Transfer of DNA into Higher Eukaryotic Cells Using Recombinant Vectors Based on Simian Virus 40 and Chloramphenicol Acetyltransferase Genes

  • Cornelia M. Gorman
  • Raji Padmanabhan
  • Bruce H. Howard
Part of the NATO Advanced Science Institutes Series book series (NSSA, volume 61)


Over the past few years considerable progress has been made in the development of eukaryotic vectors. There have been reports describing improved methods for introduction of DNA into mammalian cells 1–3, more sensitive assays for vector function 4,5, and new selectable markers for stable transformation of tissue culture cells 6–8. In this article we present recent work from our laboratory relating to these areas.


Simian Virus Rous Sarcoma Virus Thymidine Kinase Gene Chloramphenicol Acetyltransferase Dominant Selectable Marker 
These keywords were added by machine and not by the authors. This process is experimental and the keywords may be updated as the learning algorithm improves.


Unable to display preview. Download preview PDF.

Unable to display preview. Download preview PDF.


  1. 1.
    B. Parker and G. Stark, Regulation of simian virus 40 transcription: sensitive analysis of the RNA species present early in infections by virus or viral DNA, J. Virol. 31:360 (1979).PubMedGoogle Scholar
  2. 2.
    W. Schaffner, Direct transfer of cloned genes from bacteria to mammalian cells, Proc. Natl. Acad. Sci. USA 77:2163 (1980).PubMedCrossRefGoogle Scholar
  3. 3.
    L.M. Sompayrac and K.J. Danna, Efficient infection of monkey cells with DNA of simian virus 40, Proc. Natl. Acad. Sci. USA 78:7575 (1981).PubMedCrossRefGoogle Scholar
  4. 4.
    D. Schumperli, B.H. Howard, and M. Rosenberg, Efficient expression of Escherichia coli galactokinase gene in mammalian cells, Proc. Natl. Acad. Sci. USA 79:257 (1982).PubMedCrossRefGoogle Scholar
  5. 5.
    B. Fong and M. Scriba, Use of 125-I deoxycytidine to detect Herpes simplex virus specific thymidine kinase in tissues of latently infected guinea pigs, J. Virol. 34:644 (1980).PubMedGoogle Scholar
  6. 6.
    R.C. Mulligan and P. Berg, Selection for animal cells that express the Escherichia coli gene coding for xanthine-guanine phosphoribosyl transferase, Proc. Natl. Acad. Sci. USA 78:2072 (1981).PubMedCrossRefGoogle Scholar
  7. 7.
    F. Colbere-Garapin, F. Horodniceanu, P. Kourilsky, and A.C. Garapin, A new dominant hybrid selective marker for higher eukaryotic cells, J. Mol. Biol. 150:1 (1981)PubMedCrossRefGoogle Scholar
  8. 8.
    P.J. Southern and P. Berg, Transformation of mammalian cells to antibiotic resistance with a bacterial gene under control of the SV40 early region promoter, J. Molec. Appl. Genet. 1:327 (1982).Google Scholar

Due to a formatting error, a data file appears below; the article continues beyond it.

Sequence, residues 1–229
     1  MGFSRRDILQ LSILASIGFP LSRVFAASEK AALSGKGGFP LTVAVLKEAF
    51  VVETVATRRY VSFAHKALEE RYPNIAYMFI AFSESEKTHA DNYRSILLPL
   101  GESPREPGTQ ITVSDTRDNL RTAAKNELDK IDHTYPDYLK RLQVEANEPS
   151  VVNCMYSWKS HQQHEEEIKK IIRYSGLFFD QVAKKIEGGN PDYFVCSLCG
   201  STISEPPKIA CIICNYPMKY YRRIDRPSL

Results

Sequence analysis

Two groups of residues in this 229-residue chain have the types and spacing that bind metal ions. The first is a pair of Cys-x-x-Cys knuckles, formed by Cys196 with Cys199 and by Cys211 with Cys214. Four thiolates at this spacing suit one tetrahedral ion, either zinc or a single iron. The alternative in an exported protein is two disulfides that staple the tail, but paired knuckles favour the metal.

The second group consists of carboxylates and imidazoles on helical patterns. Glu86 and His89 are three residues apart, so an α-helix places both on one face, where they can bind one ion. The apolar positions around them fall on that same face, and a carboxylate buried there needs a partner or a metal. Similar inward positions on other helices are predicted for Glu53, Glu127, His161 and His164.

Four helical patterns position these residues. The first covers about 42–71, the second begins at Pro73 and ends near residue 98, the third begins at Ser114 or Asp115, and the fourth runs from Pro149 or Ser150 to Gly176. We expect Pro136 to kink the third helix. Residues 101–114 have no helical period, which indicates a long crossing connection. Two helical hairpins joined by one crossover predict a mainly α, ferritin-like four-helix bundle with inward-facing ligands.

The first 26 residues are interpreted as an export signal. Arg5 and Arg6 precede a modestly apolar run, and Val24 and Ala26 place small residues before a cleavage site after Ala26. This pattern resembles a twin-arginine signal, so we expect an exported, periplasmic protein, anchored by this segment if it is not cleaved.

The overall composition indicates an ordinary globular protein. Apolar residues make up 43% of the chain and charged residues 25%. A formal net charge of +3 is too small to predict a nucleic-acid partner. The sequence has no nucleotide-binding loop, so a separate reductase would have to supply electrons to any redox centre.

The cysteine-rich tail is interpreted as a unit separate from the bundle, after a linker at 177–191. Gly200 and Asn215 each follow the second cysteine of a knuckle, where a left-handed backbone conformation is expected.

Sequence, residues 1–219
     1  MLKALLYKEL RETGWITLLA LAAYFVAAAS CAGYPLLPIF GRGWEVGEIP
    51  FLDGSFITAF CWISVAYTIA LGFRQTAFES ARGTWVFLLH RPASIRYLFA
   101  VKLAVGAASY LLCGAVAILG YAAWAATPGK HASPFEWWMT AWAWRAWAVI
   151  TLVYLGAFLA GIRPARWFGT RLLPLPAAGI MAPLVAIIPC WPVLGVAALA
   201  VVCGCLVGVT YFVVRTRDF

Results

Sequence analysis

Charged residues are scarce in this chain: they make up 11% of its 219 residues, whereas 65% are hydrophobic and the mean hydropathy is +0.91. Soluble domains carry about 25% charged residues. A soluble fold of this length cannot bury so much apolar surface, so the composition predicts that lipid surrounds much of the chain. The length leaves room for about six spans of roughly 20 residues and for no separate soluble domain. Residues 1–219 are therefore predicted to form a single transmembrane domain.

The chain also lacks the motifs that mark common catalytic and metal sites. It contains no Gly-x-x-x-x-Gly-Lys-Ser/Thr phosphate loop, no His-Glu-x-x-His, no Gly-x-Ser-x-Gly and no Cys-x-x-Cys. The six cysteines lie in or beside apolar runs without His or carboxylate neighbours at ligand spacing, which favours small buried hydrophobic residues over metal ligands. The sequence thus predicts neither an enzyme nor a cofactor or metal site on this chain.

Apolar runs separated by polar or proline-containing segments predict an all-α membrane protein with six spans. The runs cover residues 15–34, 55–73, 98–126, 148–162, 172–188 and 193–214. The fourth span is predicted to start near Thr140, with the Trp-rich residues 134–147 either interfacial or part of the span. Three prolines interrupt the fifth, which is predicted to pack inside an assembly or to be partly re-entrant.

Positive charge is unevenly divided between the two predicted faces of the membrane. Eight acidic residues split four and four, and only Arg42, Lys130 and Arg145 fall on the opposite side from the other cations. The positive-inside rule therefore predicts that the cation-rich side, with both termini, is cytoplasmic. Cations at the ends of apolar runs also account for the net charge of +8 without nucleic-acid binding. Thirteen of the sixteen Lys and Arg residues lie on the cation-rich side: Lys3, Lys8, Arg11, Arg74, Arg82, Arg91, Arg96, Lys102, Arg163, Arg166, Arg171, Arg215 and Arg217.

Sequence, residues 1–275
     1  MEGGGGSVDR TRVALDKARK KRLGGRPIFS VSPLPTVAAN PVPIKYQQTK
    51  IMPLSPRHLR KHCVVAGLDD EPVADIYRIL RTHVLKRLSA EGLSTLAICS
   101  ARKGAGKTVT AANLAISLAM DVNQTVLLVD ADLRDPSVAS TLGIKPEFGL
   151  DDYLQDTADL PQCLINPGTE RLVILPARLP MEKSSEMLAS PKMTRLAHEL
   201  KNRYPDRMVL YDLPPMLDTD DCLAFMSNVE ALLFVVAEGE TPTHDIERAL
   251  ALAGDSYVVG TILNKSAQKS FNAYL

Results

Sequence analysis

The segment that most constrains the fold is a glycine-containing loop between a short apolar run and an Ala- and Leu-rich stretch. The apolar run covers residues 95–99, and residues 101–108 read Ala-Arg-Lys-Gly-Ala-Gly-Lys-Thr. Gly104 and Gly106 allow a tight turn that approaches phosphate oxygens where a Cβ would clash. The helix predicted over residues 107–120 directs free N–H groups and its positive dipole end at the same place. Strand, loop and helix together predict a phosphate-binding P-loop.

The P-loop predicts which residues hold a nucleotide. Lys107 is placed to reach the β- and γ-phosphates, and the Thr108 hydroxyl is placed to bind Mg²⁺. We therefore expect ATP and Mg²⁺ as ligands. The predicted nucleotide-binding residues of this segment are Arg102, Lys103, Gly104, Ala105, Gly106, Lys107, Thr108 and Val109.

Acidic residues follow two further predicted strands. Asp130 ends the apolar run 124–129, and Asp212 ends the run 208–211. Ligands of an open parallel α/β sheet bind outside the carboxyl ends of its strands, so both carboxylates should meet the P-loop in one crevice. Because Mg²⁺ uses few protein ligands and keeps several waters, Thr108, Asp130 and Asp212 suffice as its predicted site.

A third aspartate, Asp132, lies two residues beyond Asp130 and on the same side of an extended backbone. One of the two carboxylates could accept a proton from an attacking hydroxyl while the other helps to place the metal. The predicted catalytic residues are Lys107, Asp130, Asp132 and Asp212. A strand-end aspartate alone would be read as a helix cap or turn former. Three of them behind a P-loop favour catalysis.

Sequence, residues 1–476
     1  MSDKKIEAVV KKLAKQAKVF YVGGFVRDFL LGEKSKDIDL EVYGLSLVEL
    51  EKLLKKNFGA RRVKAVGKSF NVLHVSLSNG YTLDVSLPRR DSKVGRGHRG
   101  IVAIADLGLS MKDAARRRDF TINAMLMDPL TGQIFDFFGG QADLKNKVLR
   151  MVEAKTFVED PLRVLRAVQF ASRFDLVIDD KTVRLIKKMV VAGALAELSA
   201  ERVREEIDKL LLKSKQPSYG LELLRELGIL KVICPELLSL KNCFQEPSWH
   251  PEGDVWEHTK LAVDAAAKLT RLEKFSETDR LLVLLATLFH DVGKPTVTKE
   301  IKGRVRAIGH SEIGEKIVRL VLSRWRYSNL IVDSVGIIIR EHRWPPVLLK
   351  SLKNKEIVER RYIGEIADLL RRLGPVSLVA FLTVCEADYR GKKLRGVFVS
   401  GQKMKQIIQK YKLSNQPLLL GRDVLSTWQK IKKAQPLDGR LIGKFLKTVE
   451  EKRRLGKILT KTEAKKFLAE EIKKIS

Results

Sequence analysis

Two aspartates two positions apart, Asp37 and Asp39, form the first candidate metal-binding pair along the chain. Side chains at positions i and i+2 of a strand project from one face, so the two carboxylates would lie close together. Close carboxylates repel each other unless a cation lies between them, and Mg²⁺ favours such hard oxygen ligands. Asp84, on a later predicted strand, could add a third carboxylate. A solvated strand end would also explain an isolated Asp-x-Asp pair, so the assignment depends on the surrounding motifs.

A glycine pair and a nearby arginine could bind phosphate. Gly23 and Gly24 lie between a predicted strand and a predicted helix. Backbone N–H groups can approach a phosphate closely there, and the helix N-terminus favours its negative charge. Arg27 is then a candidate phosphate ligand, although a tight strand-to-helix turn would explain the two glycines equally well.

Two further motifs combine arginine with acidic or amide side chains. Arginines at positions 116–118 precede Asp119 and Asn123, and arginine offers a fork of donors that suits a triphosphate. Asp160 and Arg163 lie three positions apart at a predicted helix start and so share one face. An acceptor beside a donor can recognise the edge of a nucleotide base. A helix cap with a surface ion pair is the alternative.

9. 9.
    S.P. Goff and P. Berg, Construction of hybrid viruses containing SV40 and lambda phage DNA segments and their propagation in cultured monkey cells, Cell 9:695 (1976).PubMedCrossRefGoogle Scholar
  10. 10.
    G. Ganem, A.L. Nussbaum, D. Davoli, and G.C. Fareed, Propagation of a segment of bacteriophage lambda DNA in monkey cells after covalent linkage to a defective simian virus 40 genome, Cell 7:349 (1976).PubMedCrossRefGoogle Scholar
  11. 11.
    W. Fiers, R. Contreras, G. Haegeman, R. Rogiers, A. van de Voorde, H. van Heuverswyn, J. van Herreweghe, G. Volckaert, and M. Ysebaert, Complete nucleotide sequence of SV40 DNA, Nature, 273:113 (1978).PubMedCrossRefGoogle Scholar
  12. 12.
    V.G. Reddy, B. Thimmappaya, R. Dhar, K.N. Subramanian, B.S. Zain, J.Pan, P.K. Ghosh, M.L. Celma, and S.M. Weissman, The genome of simian virus 40, Science 200:494 (1978).PubMedCrossRefGoogle Scholar
  13. 13.
    V.G. Reddy, P.K. Ghosh, P. Lebowitz, M. Piatak, and S.M. Weissman, Simian virus 40 early mRNAs, J. Virol. 30:279 (1979).PubMedGoogle Scholar
  14. 14.
    R.C. Mulligan, B.H. Howard, and P. Berg, Synthesis of rabbit 3-globin in cultured monkey kidney cells following infection with a SV40 β-globin recombinant genome, Nature 277:108 (1979).PubMedCrossRefGoogle Scholar
  15. 15.
    D.H. Hamer, K.D. Smith, S.H. Boyer, and P. Leder, SV40 recombinants carrying rabbit β-globin gene coding sequences, Cell 17:725 (1979).PubMedCrossRefGoogle Scholar
  16. 16.
    R.C. Mulligan and P. Berg, Expression of a bacterial gene in mammalian cells, Science 209:1422 (1980).PubMedCrossRefGoogle Scholar
  17. 17.
    P. Gruss and G. Khoury, Expression of simian virus 40-rat preproinsulin recombinants in monkey kidney cells: use of preproinsulin RNA processing signals, Proc. Natl. Acad. Sci. USA 78:133 (1981).PubMedCrossRefGoogle Scholar